While there are no policy recommendations at the conclusion of the book, Miller exposes the unforgiving nature of living with a criminal record in a way that begs for change. He speaks on their predicament plainly, saying, “There is no place for them to go because no place has been made for them, not even in the public’s imagination.” As Halfway Home illustrates so well, American society is built to create the origins and the afterlife of mass incarceration, confining poor, mostly Black people to a particular fate. American phenomena that still haven’t been dealt with, like state-sponsored disinvestment, over-policing, racial discrimination, and legal malpractice, all work together to keep communities oppressed and prone to convictions—the stamp of a criminal record works just as effectively. Through heart-wrenching accounts and vivid prose, Halfway Home accomplishes its goal of putting the reader in the shoes of the incarcerated, challenging us to understand that every prison sentence, in more ways than we think, is a life sentence.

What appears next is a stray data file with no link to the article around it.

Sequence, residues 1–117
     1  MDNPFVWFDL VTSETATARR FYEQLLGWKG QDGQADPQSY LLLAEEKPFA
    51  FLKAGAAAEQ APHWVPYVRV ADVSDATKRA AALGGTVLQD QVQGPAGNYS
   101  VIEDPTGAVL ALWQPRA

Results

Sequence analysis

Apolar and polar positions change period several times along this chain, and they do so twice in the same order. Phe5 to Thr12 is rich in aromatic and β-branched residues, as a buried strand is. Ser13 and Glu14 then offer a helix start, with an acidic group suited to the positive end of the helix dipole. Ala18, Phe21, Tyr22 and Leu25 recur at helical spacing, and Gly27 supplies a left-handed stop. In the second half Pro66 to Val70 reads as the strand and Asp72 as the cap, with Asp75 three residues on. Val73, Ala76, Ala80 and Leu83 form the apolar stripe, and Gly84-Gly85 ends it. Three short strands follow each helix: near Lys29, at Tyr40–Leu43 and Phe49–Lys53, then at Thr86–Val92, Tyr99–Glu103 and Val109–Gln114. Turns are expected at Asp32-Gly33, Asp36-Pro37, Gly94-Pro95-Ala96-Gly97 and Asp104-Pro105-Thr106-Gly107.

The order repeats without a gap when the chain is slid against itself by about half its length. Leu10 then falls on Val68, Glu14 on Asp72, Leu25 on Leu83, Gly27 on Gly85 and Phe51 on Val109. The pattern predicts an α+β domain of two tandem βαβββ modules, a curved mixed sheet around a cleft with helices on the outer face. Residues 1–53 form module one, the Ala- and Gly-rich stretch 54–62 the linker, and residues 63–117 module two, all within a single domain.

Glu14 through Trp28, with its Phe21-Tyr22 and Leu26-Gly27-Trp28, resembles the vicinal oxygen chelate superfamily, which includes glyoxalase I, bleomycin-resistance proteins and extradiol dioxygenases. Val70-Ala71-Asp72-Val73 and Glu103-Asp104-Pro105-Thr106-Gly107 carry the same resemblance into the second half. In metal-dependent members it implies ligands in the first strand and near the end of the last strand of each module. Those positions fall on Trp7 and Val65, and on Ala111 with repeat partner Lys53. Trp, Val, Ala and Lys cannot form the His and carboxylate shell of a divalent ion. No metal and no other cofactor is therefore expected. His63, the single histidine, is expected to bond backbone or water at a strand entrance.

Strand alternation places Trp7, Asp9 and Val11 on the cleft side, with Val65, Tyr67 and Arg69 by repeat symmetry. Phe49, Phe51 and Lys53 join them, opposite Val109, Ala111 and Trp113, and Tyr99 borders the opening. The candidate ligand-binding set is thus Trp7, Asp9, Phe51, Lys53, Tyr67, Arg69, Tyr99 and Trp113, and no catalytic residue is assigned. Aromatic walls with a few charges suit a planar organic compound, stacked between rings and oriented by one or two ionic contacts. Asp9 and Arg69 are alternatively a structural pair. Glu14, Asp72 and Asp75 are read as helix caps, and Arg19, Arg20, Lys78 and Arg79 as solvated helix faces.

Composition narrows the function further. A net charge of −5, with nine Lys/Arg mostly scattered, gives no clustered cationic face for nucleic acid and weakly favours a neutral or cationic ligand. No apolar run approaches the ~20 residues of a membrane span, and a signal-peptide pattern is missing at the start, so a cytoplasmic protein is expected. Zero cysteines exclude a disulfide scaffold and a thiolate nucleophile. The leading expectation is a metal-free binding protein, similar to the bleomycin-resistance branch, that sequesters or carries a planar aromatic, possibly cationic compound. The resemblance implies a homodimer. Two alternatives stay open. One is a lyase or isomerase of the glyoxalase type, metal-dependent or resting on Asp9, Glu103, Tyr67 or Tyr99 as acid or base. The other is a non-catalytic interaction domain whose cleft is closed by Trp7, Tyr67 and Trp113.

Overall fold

Reuben Jonathan Miller, Halfway Home: Race, Crime, and the Afterlife of Mass Incarceration, Little, Brown, and Company, 352 pages.
Malik Jackson is a South Shore resident and recent graduate from the University of Illinois at Urbana-Champaign, where he majored in Urban Studies. He last wrote about renters struggling amidst a housing crisis during COVID-19 for the Weekly.